After ten years of abuse, Canadian democracy needs an overhaul

Prime Minister Justin Trudeau

By Voices-Voix,, 24 November 2015

In the month since its election, Canada’s new government has sent many positive signals that we’re entering a new era of greater respect for debate, dissent and diversity — the cornerstones of democracy. Its tone, its cabinet, its early pronouncements, its outreach to indigenous peoples and others who have been marginalized — it’s all very encouraging.

When Parliament meets again on December 3, it will be an important opportunity for the government to build on its promise of “sunny ways”, taking full advantage of its post-election momentum to buttress respect for rights, the rule of law, transparency and accountability. The challenge is not simply to hit the reset button. It’s to move this country forward.

We have lived through a dismal decade during which critics were defamed and defunded, evidence was suppressed, protest was criminalized and Parliament was undermined. And frankly, the record of earlier federal governments isn’t as rosy as some would contend.

It’s crucial, therefore, that we seize the moment and press forward with substantive reforms.

So while the throne speech should signal the government’s clear intention to stop undermining rights and to restore Parliamentary traditions, we also need new laws, priorities and programs to promote healthy, informed debate and ensure all Canadians enjoy the protections of the Canadian Charter of Rights and Freedoms.

The muzzling and interference with ombudspersons and officers of Parliament must end immediately. The enhanced scrutiny of progressive charities by the CRA through political activities audits must end. So must the targeted surveillance of advocates like Cindy Blackstock who seek justice for those most vulnerable.

On the legislative front, a slew of hostile or punitive legislation should be repealed or amended on public safety, national security, environmental protection, citizenship, sentencing, privacy and labour unions. The reckless reforms of Bill C-51 remain top of mind. As well, the use of omnibus bills must be curtailed. There’s a need for new laws to improve access to information, strengthen oversight and better reflect the role and realities of charities in the 21st century.

For a generation of young and new Canadians, their only experience of government is that of the past ten years. Simply reversing the worst of the Harper record isn’t enough.

The creation of a commission of inquiry on murdered and missing indigenous women — one that respects the concerns of their families and addresses the systemic roots of their vulnerability — is critical. Tangible support for the recommendations of the Truth and Reconciliation Commission and redress for other human rights violations is equally important. Funding cut from essential women’s rights organizations must be re-established.

Restoring the integrity of Parliament, empowering committees, welcoming the expert advice of the civil service and respecting the independence of the judiciary (while ensuring appointments that reflect the true face of Canada) are essential. Department of Justice lawyers should be allowed to do their jobs and signal to Parliament when draft laws are not likely to pass Charter muster. With a new generation of MPs, there are tremendous opportunities for innovative approaches that respect traditions but respond to the growing need for greater openness and transparency.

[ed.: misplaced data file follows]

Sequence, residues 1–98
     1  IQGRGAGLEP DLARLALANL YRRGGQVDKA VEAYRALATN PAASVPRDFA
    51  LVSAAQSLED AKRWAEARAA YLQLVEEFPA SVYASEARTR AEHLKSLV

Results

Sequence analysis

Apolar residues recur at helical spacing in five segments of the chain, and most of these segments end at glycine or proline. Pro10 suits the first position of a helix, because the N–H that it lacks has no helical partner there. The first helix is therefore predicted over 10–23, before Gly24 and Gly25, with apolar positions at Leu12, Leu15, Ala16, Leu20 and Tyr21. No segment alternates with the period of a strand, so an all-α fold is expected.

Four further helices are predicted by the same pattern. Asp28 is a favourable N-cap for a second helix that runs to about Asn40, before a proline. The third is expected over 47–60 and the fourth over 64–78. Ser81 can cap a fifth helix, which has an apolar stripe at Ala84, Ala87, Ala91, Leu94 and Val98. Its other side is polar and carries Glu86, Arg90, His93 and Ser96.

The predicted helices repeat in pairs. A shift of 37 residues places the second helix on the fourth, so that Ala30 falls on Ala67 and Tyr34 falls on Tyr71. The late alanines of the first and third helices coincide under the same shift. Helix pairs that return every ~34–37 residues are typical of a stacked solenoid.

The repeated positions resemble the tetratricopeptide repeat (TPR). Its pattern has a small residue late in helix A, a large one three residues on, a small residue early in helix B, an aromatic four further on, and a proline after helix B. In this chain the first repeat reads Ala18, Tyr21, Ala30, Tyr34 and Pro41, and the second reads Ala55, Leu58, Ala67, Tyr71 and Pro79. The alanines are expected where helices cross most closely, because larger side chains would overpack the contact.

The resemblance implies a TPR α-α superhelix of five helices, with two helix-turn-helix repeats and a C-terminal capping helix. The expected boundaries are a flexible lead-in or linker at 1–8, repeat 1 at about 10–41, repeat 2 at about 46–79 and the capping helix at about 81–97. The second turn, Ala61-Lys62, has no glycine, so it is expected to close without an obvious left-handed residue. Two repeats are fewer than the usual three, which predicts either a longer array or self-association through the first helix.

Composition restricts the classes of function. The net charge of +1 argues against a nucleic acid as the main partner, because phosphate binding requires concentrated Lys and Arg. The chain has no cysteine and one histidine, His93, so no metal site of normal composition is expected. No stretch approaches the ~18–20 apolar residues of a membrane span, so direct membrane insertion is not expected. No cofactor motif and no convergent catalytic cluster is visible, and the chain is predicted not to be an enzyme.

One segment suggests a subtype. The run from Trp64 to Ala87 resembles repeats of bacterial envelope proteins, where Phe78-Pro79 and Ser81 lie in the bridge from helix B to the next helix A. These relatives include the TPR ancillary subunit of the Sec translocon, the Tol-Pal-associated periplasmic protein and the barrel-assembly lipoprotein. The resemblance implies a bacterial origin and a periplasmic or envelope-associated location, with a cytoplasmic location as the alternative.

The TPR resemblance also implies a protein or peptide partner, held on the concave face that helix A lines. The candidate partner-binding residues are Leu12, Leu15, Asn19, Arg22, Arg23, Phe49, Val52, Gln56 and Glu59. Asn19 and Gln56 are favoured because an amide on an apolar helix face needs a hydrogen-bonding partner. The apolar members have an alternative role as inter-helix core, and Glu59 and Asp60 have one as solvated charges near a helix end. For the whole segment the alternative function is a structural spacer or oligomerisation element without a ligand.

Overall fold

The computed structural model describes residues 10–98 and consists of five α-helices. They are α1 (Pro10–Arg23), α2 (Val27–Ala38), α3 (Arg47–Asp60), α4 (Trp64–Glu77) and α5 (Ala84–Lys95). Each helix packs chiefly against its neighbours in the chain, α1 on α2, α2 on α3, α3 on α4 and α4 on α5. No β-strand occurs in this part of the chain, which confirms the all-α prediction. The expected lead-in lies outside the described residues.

The government must demonstrate its commitment to the principles and practices of inclusive public participation and free, prior and informed consent. This includes restoring funding for a broadly-mandated Court Challenges Program and creating an enabling environment that encourages active engagement of all Canadians in shaping our future — with special attention and funding for those whose voices are least likely to be heard.

Internationally, Canada has an opportunity at the COP21 meetings in Paris to show the world that it will act as a responsible international citizen, not as a bully or a roadblock to progress.

It’s an ambitious agenda but critically important if we are to protect ourselves — under this or a future government — from a return to arbitrary and partisan attacks on the fundamental building blocks of our peace and prosperity.

We are reminded that, even in a country such as Canada, rights are vulnerable, and respect for dialogue and diversity is fragile.

For a generation of young and new Canadians, their only experience of government is that of the past ten years. This raises the risk of a “new normal,” setting the bar so low it will be easy for the new government to improve on the performance of its predecessor.

Simply reversing the worst of the Harper record isn’t enough.

We look to the new government to move forward with a bold and ambitious agenda to strengthen respect for debate and dissent. And we encourage all Canadians to actively engage in shaping that agenda and holding the government to account for its implementation.

Voices-Voix is a non-partisan coalition of Canadians and Canadian organizations committed to defending our collective and individual rights to debate and dissent. This article was co-signed by the following activists:

Robert Fox, human rights activist
Pearl Eliadis, human rights lawyer
Alex Neve, secretary general, Amnesty International Canada
Monia Mazigh, national coordinator, International Civil Liberties Monitoring Group
Veronica Strong-Boag, professor emerita with UBC’s Institute for Gender, Race, Sexuality and Social Justice
Ken Norman, emeritus professor of law at the University of Saskatchewan
Tim McSorley, Voices-Voix coordinator
Mary Eberts, human rights lawyer
Gregory S. Kealey, Professor Emeritus at the University of New Brunswick

Image: iPolitics/Matthew Usherwood